As per latest reports, AMD plans to take on Intel’s high-end desktop HEDT chipsets with improved 16-core and 12-core processors based on the same Ryzen CPU architecture but on a much larger socket. These chips have already been spotted in recent benchmarks, but this time, there’s a new report detailing a tad more about their design and capabilities.
AMD Ryzen Processors With Multi-Chip Module Design
According to Fudzilla, the new AMD Ryzen processors will come with a multi-chip module design, moving in line the with a previous report that suggested the use of a newer and larger socket with 4,000 pins, twice the number of cores and 58 PCIe gen 3.0 lanes.
The 16-core variant will have two octa-core CPUs stitched together while the 12-core variant will be two hexacore CPUs. There’s still no word on the real world performance, but a SiSoft Sandra benchmark test and two leaked diagrams of the AMD X399 and X390 already revealed how these chips might fare against competitors.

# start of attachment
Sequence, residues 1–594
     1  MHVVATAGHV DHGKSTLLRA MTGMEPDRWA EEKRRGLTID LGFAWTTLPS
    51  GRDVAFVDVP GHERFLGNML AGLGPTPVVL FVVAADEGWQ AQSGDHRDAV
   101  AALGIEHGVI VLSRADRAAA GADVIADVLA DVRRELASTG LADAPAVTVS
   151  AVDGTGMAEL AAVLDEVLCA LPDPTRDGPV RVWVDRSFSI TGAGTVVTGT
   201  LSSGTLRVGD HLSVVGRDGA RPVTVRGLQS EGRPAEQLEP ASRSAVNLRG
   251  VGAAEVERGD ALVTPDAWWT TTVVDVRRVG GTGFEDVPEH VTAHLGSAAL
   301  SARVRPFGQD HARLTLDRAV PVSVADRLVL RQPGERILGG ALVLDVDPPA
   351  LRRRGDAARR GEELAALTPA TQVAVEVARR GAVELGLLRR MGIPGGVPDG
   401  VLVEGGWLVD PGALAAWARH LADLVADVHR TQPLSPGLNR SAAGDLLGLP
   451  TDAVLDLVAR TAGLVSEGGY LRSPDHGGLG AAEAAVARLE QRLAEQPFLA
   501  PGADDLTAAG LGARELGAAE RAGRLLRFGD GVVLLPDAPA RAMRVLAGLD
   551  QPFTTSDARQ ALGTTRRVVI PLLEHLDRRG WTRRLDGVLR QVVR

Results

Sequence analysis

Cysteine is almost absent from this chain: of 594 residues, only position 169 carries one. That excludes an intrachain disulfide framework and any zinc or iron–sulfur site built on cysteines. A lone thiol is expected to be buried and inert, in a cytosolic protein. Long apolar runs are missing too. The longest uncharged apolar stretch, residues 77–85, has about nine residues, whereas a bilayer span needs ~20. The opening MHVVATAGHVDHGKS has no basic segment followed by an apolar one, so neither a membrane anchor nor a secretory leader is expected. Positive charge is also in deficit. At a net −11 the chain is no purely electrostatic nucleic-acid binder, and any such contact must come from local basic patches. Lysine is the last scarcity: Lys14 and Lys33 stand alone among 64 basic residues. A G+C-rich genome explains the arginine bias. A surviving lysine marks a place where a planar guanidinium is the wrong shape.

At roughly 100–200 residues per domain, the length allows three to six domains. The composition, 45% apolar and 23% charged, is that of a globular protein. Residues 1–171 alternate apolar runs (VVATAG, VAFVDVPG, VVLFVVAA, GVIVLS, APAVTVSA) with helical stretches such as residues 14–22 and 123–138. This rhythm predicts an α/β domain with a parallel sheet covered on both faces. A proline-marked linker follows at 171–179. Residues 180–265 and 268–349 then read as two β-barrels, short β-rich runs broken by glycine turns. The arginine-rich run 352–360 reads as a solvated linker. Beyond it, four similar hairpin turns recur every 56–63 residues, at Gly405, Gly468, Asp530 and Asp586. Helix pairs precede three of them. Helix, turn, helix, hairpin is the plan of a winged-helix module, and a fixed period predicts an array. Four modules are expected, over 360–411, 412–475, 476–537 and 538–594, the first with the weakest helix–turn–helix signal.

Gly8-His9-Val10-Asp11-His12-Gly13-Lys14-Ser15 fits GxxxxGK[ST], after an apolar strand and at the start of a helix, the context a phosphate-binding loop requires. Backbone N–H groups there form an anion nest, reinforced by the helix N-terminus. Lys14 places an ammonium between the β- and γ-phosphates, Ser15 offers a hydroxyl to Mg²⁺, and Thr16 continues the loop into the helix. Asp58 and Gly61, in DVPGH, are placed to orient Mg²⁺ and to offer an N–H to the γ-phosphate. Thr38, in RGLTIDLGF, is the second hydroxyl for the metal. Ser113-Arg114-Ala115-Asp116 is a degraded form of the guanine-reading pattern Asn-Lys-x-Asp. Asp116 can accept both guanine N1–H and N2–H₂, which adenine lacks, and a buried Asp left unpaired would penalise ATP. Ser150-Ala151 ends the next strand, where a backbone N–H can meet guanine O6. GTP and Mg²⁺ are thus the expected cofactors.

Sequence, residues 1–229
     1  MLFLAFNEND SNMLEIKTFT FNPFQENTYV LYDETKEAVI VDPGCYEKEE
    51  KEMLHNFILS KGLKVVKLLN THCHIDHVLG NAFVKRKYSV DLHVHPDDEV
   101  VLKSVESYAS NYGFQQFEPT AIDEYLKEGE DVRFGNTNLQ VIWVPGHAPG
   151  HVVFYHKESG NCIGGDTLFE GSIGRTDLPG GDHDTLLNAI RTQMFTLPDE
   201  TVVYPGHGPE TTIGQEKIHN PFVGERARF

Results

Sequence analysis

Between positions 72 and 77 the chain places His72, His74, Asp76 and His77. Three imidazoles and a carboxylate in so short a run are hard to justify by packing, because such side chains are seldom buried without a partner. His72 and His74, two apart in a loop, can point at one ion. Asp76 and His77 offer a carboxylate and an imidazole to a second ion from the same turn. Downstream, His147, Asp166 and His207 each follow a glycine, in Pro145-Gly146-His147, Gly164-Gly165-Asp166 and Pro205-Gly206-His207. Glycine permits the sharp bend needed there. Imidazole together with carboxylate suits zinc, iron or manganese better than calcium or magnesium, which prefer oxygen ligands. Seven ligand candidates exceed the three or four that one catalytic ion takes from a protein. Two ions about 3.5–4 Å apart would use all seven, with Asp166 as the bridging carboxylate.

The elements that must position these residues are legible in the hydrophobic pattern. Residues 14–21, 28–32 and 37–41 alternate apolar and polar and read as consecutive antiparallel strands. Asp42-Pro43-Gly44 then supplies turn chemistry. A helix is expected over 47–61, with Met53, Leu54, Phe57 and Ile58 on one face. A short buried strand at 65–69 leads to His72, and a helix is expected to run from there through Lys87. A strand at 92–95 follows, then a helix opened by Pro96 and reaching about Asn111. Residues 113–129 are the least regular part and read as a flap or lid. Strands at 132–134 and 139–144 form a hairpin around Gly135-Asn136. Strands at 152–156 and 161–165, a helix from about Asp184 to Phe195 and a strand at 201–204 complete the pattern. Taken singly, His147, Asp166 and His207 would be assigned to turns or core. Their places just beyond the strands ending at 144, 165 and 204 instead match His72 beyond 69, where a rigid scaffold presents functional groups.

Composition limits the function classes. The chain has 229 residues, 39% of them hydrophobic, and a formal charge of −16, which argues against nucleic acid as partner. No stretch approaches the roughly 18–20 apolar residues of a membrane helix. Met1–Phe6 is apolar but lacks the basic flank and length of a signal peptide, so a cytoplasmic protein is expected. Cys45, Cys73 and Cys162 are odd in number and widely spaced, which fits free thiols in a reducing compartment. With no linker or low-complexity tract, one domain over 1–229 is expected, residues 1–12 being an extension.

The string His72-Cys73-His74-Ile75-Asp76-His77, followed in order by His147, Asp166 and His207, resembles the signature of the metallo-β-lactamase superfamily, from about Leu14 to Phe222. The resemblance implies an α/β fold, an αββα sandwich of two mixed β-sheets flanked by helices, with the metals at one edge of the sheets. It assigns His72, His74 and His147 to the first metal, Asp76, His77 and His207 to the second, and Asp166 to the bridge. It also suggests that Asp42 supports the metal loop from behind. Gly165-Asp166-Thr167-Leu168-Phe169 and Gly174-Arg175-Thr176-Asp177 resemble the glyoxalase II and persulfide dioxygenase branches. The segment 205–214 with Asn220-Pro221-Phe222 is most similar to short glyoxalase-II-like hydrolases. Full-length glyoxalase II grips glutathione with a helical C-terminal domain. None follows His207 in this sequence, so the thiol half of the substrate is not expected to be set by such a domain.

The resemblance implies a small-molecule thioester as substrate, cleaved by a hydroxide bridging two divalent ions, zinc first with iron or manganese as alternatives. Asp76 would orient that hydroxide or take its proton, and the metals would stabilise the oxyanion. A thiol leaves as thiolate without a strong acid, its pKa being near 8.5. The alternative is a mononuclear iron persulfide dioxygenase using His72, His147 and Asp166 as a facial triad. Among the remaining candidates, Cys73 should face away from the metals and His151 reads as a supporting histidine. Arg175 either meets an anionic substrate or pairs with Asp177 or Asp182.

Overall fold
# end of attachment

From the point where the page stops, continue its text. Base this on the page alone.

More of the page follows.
Among other things, it is also revealed that the chipsets will include support for quad channel DD4 memory, which, at present, is the most efficient and fastest on offer – taking AMD even closer to Intel’s high-end offerings.
It is also important to note that the clock speeds of these chipsets do not equate with the number of cores. According to SegmentNext, the 16-core model will have 180W TDP while the 12-core variant will have 140W TDP, which was noted to have a single disabled core per CCX.
While we expect to see AMD Ryzen 16-core and 12-core CPUs in June at the Computex in Taipei, we are also eager to see how these behemoths will fare against Intel’s higher-end processors – not just in terms of performance, but in terms of pricing too. Not to mention AMD Ryzen 7 did some serious damage, pushing Intel to slash the prices for some of its Core processors.